Canadian Employment Law Today

September 16, 2015

Focuses on human resources law from a business perspective, featuring news and cases from the courts, in-depth articles on legal trends and insights from top employment lawyers across Canada.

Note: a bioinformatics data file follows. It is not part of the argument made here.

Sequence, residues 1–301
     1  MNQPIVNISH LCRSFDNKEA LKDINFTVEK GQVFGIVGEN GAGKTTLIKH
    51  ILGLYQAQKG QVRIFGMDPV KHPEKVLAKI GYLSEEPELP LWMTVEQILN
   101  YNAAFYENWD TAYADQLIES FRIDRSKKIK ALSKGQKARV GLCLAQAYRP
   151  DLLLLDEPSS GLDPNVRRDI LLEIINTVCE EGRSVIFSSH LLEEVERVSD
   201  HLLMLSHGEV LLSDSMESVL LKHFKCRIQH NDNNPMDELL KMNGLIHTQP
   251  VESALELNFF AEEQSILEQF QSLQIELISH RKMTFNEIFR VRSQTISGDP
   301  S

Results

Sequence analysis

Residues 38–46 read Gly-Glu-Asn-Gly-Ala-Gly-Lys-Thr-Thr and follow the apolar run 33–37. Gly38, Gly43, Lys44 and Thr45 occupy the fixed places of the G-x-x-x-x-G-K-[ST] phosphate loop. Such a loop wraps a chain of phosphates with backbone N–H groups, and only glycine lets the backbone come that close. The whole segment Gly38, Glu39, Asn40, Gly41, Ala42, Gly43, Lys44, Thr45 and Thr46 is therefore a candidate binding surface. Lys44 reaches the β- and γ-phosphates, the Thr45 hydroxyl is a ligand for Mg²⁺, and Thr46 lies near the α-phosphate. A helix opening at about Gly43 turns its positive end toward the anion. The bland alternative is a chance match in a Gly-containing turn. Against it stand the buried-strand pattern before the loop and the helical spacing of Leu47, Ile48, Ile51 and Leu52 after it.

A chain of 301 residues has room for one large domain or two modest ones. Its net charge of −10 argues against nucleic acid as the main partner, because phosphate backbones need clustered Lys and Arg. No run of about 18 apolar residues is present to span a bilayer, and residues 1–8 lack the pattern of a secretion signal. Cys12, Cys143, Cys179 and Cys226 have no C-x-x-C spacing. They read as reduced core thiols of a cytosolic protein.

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PM40065782 Emplo y ment Law Today Canad ad a ian September 16, 2015 Worker's fi ring after cocaine- fuelled accident upheld Safety sensitive employer's drug and alcohol policy didn't discriminate because worker had chance to seek help without penalty before accident BY JEFFREY R. SMITH AN ALBERTA worker's dismissal after he admitted to using cocaine following a workplace incident was not discriminatory because the worker had an opportunity to seek help for his addiction beforehand, the Alberta Court of Appeal has ruled. Ian Stewart was a heavy equipment opera- tor for Elk Valley Coal Corporation at a coal mine near the Cardinal River in Alberta. Stewart's duties included operating a 170- ton truck, a 260-ton truck, a wheel loader, and a plant loader. Elk Valley's mining operation had many hazards in the workplace, so it endeavoured to keep its workplace as safety sensitive as possible. is included an "alcohol, drugs and medications policy" that it implement- ed on May 2, 2005, updating an earlier policy Suspension set aside after confusion over safety rule pg. 3 Worker drove himself to receive treatment after injury with Meghan McCreary CREDIT: ALEX MALIKOV/SHUTTERSTOCK 7 common mistakes in employment agreements pg. 4 Avoiding these errors or ommissions can save employers a lot of grief and ensure their employment agreements are rock-solid ADVERSE on page 6 » ASK AN EXPERT pg. 2 Sharing employee ID numbers Care worker fi red for leaving work before relief arrives AN ONTARIO residential care facility had just cause to discipline an employee for leav- ing a high-needs resident before a replace- ment arrived, but not to dismiss the employ- ee, an arbitrator has ruled. Tasha Kupi was a residential counsellor for Community Living Huntsville in Hunts- ville, Ont. Kupi worked at a residential home that contained two diff erent facilities and was the primary caregiver for a resident who was severely autistic and had high needs. She also co-ordinated casework and supervised other residents in their daily living. Kupi was hired as a casual relief worker in March 2007 and became a full-time em- ployee of Community Living Huntsville in April 2008. Her employment agreement in- cluded a statement that she must be available to cover emergencies, illness and vacation if necessary, and that "additional hours are an accepted part of the job." is was particu- larly important because the resident Kupi looked after was high-needs and couldn't be left alone. Kupi received positive perfor- mance reviews, sometimes exceeding work expectations. On Feb. 1, 2014, Kupi was working an 8 a.m. to 4 p.m. shift looking after the resident. e resident was particularly anxious and Kupi had to administer medication to him twice. Near the end of the shift, the care worker who was supposed to take over caring for the resident at the end of Kupi's shift called in sick. e on-call supervisor asked another care worker to go through the call-in list and then Kupi took over calling people. How- ever, they were unable to fi nd someone to come in. One worker was willing but was un- able to fi nd someone to care for his children. e on-call supervisor didn't advise Kupi that no replacement had been found but as- sumed Kupi would stay with the high-needs resident until someone was able to come, RESIDENT on page 7 »

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